Tainted Bridesby A.S. Fenichel
Series: Forever Brides #1
Published on September 27, 2016 by Lyrical Press
Genres: Adult, Historical Romance, Romance
Only trust can save her….
Sailing to London, Sophia Braighton only hopes to escape certain ruin. But when she arrives, her Great Aunt Daphne has other plans for the American-born beauty. Determined to marry off her niece to a man of means, she propels Sophia into London society, not knowing that the young woman’s trust in men is shattered. In fact, Sophia never expects to ever feel anything for a man. Then again, she never expects to find herself in the company of the dashing earl of Marlton….
From the moment he sees Sophia, Daniel Fallon feels alive in a way he has not since his broken engagement. Though the vulnerable beauty shies from the passion burning bright between them, Daniel is determined to court her and make her his bride. And when he learns of the painful secret she harbors, he is equally determined to take revenge on the man responsible. But will the quest destroy him—and his future with his beloved?
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This was a typical story of trust. The two leads both had issues with trusting the opposite sex and they come together to overcome this and develop an emotional connection.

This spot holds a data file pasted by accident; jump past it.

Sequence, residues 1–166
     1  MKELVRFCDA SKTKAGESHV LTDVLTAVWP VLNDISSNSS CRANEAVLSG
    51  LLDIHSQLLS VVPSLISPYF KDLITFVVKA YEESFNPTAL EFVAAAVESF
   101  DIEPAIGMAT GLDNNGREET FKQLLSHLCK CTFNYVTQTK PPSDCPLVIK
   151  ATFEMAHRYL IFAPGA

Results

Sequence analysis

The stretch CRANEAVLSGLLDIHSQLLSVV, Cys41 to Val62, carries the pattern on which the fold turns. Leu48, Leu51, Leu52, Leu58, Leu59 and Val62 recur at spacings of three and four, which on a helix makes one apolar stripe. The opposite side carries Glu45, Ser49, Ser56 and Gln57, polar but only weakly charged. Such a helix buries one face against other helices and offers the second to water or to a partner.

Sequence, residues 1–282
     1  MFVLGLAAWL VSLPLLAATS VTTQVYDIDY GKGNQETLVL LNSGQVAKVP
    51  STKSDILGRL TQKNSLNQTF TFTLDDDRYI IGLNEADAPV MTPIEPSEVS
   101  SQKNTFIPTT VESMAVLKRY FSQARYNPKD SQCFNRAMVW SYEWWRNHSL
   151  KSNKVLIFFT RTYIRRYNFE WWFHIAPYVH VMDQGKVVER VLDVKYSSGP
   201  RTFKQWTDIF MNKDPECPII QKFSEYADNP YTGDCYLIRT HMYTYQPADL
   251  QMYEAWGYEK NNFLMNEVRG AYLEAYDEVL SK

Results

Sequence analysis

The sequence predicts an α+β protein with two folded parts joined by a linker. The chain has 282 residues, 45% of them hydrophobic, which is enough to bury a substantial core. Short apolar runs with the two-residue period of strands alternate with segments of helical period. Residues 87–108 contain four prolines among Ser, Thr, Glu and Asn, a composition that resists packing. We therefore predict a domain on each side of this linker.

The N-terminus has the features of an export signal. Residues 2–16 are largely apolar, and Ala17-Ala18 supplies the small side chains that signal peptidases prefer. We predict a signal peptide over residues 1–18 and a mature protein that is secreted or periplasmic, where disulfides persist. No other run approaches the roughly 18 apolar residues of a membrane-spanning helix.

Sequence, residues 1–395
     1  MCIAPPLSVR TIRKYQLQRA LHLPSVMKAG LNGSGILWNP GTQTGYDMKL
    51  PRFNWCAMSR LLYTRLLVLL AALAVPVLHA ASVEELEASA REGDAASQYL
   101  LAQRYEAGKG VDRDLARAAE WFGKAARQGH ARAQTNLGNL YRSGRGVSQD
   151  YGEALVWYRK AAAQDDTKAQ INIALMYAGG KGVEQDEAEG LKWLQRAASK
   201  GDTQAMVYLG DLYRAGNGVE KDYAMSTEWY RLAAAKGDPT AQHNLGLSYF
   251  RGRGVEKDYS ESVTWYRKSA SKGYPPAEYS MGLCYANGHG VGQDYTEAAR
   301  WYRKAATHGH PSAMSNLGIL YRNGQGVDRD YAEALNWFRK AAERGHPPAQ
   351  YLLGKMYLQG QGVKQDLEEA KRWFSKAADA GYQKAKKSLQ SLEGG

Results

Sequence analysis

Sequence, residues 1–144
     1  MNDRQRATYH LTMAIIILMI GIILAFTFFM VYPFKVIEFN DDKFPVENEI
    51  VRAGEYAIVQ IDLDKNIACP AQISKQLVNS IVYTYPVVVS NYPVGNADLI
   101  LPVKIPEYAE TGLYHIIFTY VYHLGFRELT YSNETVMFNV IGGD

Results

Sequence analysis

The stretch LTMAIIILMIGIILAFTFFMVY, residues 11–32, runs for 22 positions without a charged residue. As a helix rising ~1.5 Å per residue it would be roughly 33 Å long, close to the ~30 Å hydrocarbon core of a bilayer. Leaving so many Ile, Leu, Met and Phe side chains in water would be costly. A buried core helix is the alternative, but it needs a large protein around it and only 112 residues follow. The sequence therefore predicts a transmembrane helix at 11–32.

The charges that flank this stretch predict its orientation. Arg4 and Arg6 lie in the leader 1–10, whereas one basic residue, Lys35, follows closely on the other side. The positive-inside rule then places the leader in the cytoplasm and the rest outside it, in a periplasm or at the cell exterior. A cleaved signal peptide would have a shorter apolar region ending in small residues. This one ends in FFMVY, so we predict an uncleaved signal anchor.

Tainted Bride was certainly not the best historical romance I’ve read but it wasn’t the worst. It started off fairly slow and took a while to get into but by the halfway point I was into it. The ending was a bit too much especially considering the events leading up to it but, again, it was alright. Average.
Sophia had a lot of strength to her and it really shined through. Her and Daniel had to overcome both external society issues as well as internal issues causing conflict in their blossoming relationship. They were really well developed despite their interactions being a tad stilted at times. My only real issue was with Sophia, just a part of her personality. She had a serious self-loathing streak going on that started to grate on my nerves after a while but was otherwise I enjoyed her character.
Fenichel also did a good job of providing details here and there, seemingly irrelevant, that would come up later, tying everything together. The pacing wasn’t always great, irregularly fast and slow, but the story was fairly engaging.
I mean, in general, this book didn’t wow me by any means but it’s perfect for fans of the genre looking for something new to read. I think this is a series with potential to be great.